The Philosophy Behind Our Pathways to Excellence

Welcome back to school! Let me share with you my latest column from Catholic New York.

Here is an excerpt:

Our Jewish neighbors might have it right: their “new year,” as you know, begins in the fall.

In reality, it does for us as well, because it’s back to normal! Our parishes begin humming again as the grade school opens and religious education programs (I’ll write of those next column) commence.

So, this is a good time to welcome our students back, and to thank our parents (and, in many cases, grandparents), for sacrificing to send their children to our Catholic elementary and high schools.
That gratitude goes as well to our parish priests and their parishioners, our consecrated women and men religious, our devoted principals and teachers, the generous benefactors of our renowned schools, and the archdiocesan school office, led by Dr. Timothy McNiff, who serve our acclaimed system of Catholic schools.

This academic year will be a pivotal one for our schools, as our promising Pathways to Excellence begins to kick in. As you know, the crux of this plan is an energetic move to more intense collaboration among our schools, resulting in regionalization. Yes, some schools will merge and consolidate, meaning some sites will close. This delicate process will be quarterbacked by regional boards of pastors, educators, parents, and community leaders. Because we want to do this judiciously, we are starting with three pilot regional boards: Staten Island, Rockland County, and Northwest/South Bronx. Thanks to these courageous pioneers!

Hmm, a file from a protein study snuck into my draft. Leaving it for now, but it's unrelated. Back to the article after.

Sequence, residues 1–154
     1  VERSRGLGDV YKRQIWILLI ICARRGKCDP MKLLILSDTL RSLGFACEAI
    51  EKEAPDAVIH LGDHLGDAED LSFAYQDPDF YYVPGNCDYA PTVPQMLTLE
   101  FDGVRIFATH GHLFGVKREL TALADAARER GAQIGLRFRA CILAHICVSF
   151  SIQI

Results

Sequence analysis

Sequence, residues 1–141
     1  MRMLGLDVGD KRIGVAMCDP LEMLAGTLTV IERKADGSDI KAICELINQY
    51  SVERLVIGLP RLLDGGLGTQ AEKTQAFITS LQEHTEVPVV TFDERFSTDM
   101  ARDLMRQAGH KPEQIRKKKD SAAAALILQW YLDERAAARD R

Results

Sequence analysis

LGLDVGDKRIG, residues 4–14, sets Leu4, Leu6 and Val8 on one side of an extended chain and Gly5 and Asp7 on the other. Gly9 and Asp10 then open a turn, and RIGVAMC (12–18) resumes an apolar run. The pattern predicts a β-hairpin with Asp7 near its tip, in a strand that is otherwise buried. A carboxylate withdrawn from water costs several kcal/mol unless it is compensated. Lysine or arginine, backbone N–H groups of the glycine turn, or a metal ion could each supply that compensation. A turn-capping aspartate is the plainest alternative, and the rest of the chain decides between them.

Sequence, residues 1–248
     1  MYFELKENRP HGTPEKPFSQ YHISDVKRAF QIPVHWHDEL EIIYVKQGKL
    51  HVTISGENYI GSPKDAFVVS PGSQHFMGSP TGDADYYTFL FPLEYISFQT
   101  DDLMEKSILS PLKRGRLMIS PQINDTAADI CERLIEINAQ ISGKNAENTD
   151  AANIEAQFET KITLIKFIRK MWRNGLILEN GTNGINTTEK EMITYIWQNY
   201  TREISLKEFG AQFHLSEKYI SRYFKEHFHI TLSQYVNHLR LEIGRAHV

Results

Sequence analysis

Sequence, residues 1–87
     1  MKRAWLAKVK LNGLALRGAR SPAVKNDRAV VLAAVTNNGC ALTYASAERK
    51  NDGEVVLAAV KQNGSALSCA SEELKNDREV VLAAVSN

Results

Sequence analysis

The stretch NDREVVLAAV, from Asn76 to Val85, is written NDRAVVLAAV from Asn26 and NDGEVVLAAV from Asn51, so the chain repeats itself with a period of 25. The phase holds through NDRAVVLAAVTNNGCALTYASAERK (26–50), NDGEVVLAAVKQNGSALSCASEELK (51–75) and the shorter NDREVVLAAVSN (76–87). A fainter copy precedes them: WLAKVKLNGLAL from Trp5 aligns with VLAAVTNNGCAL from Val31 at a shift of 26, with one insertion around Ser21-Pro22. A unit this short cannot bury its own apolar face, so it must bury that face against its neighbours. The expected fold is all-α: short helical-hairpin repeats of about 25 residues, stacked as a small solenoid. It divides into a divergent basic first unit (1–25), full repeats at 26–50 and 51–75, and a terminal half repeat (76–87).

You can read my whole column here.

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One Response to “The Philosophy Behind Our Pathways to Excellence”

  1. Irene says:

    Dr Timothy McNiff, Superintendent of Schools, was quoted in Catholic New York (10/19/2011) as saying “regionalization does not mean merger of schools, it does not mean families will be told what schools to go to.”

    My children’s school is in one of the regional pilots and it was pitched all along to us as a way to strengthen the schools; we were repeatedly assured that that it was not any kind of back door way of closing them.

    But above, the Cardinal says “Yes, some schools will merge and consolidate, meaning some sites will close.”

    The Cardinal’s statement sounds like a reversal of earlier statements and I’m a little concerned that we heard one message before launching regionalization and now we might be hearing a different one immediately after it’s been implementation.